usually does not cause symptoms distinguishable from those that commonly occur in pregnancy. If symptoms do occur, they may be similar to those in nongestational diabetes. These may include:
Increased urination (polyuria)—When glucose accumulates in the blood, it pulls water out of the body’s tissues and into the blood. The kidneys turn this extra water into urine and excrete it. This increases your urine output.
Increased thirst (polydipsia)—The increase in urine output causes your body to become
dehydrated. This makes you thirsty.
Increased hunger—Your body’s cells are not getting enough glucose, which means your cells cannot get enough food. This causes you to feel hungry.
urinary tract infection
vaginal yeast infection
—When glucose builds up in the blood, it can affect the functioning of your white blood cells. This may cause you to have urinary tract infections or vaginal yeast infections more often.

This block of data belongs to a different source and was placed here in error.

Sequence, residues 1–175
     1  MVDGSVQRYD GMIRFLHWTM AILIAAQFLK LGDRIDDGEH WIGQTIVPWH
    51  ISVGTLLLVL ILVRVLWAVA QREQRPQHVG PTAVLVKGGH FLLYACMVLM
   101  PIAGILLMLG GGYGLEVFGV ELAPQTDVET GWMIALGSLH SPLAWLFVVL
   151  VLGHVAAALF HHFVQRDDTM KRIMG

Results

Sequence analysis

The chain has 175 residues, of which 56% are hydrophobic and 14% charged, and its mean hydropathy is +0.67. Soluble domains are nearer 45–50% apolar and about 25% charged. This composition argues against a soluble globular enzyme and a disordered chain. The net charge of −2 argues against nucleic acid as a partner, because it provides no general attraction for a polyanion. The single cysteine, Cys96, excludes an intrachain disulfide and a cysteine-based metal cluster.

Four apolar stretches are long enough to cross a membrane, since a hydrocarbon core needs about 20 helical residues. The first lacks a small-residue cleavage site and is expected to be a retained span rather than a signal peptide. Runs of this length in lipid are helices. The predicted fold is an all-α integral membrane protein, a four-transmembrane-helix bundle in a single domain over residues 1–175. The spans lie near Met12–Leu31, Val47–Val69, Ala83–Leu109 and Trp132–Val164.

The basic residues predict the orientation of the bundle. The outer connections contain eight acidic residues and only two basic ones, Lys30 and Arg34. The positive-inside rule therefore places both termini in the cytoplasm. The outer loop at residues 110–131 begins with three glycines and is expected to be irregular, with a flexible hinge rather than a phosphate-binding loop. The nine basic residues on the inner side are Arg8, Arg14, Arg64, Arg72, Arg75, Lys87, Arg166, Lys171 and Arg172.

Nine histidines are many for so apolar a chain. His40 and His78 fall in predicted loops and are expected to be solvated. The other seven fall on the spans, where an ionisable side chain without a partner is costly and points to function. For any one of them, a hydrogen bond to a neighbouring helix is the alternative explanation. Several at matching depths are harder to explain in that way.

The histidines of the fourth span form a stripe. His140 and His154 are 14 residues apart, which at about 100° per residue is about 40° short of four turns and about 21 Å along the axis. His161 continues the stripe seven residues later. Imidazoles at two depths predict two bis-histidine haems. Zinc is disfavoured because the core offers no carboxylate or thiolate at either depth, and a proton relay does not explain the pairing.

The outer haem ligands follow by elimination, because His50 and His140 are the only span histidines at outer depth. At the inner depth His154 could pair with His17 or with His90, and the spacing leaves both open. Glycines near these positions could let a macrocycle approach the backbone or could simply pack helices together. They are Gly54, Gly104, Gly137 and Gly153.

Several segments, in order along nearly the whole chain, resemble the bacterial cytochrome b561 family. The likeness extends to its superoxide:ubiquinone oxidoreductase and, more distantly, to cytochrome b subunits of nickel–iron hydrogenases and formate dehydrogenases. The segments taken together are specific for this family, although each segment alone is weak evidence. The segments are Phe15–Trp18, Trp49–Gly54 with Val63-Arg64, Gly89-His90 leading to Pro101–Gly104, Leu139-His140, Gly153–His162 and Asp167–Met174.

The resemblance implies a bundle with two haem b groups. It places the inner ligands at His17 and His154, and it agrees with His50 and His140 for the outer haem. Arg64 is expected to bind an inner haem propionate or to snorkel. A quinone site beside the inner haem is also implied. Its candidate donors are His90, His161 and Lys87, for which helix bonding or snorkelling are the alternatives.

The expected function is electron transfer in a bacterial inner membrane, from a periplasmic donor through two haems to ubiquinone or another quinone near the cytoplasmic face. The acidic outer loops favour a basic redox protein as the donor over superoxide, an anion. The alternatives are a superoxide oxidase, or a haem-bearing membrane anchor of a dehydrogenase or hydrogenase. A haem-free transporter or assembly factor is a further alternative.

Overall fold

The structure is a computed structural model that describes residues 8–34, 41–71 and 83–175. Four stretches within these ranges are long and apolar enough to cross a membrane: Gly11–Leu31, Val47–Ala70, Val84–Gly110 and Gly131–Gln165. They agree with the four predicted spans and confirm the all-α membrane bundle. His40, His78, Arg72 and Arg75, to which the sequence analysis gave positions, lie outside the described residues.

Weight loss—Despite the increase in appetite, you may lose weight. This is because the cells cannot get enough glucose to use for energy so they begin to break down the body’s stores of fat in order to produce energy.
Fatigue—Because your cells are not getting glucose, they cannot get enough energy. This can make you feel tired.
Diabetes and pregnancy. The American College of Obstetricians and Gynecologists website. Available at: https://www.acog.org/Patients/FAQs/Gestational-Diabetes. Updated September 2013. Accessed September 12, 2017.
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